Ivory Vikings

Ivory Vikings: The Mystery of the Most Famous Chessmen in the World and the Woman Who Made ThemIvory Vikings: The Mystery of the Most Famous Chessmen in the World and the Woman Who Made Them by Nancy Marie Brown

My rating: 4 of 5 stars

A thoroughly enjoyable exploration of an archeological mystery, the history of chess, walrus ivory carving, Viking history, and the settlement of Iceland, interwoven with passages from the Norse sagas. Could Margret the Adroit of Iceland have made the Lewis chessmen? Certainly, but can it be proven? No. Still, Ms. Brown lays out the evidence, and I think the theory she presents can hold its own against those who insist on a Norwegian origin. The history of the pieces and their historical Scandinavian counterparts is fascinating! I listened to the audiobook, so I can’t speak about any accompanying maps and photos.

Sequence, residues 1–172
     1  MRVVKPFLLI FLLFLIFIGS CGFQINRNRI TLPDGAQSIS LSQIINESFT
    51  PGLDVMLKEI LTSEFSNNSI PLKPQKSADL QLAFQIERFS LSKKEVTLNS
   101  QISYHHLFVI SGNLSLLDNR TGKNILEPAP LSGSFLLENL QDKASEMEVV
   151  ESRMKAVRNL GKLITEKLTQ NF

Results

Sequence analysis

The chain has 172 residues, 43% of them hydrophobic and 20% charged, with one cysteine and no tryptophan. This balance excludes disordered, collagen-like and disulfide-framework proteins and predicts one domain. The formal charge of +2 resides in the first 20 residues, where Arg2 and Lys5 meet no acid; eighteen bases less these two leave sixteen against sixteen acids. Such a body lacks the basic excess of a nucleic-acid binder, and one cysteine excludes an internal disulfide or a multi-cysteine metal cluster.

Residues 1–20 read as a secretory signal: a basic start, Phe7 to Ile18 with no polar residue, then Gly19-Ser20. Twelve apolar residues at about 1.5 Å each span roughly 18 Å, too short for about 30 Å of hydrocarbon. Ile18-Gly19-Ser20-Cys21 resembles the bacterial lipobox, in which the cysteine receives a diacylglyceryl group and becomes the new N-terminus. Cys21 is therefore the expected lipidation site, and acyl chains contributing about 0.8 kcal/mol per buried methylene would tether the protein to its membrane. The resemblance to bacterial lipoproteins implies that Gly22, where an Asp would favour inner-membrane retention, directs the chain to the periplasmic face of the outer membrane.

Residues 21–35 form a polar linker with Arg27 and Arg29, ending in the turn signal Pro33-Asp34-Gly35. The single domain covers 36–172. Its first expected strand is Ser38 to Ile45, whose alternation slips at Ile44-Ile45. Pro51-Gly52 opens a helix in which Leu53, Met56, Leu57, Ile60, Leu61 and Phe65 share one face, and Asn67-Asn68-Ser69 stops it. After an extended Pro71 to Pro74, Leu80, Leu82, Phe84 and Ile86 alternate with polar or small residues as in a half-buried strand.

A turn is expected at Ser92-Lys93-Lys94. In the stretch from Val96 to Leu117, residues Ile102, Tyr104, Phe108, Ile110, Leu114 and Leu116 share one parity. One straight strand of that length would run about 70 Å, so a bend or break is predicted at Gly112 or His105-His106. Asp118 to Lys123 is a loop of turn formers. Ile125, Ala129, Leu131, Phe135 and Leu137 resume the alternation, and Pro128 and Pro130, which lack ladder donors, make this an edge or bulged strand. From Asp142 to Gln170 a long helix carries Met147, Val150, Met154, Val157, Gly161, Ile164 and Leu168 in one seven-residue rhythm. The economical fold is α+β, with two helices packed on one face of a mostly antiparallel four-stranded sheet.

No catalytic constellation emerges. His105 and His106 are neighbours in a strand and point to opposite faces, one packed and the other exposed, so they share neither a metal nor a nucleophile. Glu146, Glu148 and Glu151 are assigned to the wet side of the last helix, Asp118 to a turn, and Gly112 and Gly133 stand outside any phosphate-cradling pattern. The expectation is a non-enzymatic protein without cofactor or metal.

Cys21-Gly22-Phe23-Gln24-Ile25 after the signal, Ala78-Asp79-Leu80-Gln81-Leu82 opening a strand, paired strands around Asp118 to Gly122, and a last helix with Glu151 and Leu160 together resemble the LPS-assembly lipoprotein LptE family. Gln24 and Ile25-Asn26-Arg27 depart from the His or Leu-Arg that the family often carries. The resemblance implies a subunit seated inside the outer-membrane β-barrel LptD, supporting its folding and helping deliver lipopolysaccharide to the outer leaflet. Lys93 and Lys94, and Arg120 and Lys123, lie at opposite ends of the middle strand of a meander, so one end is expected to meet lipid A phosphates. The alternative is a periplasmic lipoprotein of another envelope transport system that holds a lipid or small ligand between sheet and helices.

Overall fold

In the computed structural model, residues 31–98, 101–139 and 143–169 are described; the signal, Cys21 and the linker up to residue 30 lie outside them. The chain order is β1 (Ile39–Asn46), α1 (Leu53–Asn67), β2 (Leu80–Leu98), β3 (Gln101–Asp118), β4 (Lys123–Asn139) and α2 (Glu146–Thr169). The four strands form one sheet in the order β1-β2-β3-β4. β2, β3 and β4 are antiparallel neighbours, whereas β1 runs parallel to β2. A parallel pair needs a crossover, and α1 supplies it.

Book description: In the early 1800s, on a Hebridean beach in Scotland, the sea exposed an ancient treasure cache: 93 chessmen carved from walrus ivory. Norse netsuke, each face individual, each full of quirks, the Lewis Chessmen are probably the most famous chess pieces in the world. Housed at the British Museum, they are among its most visited and beloved objects. Questions abounded: Who carved them? Where? Nancy Marie Brown explores these mysteries by connecting medieval Icelandic sagas with modern archaeology, art history, forensics, and the history of board games. In the process, Ivory Vikings presents a vivid history of the 400 years when the Vikings ruled the North Atlantic, and the sea-road connected countries and islands we think of as far apart and culturally distinct: Norway and Scotland, Ireland and Iceland, and Greenland and North America.

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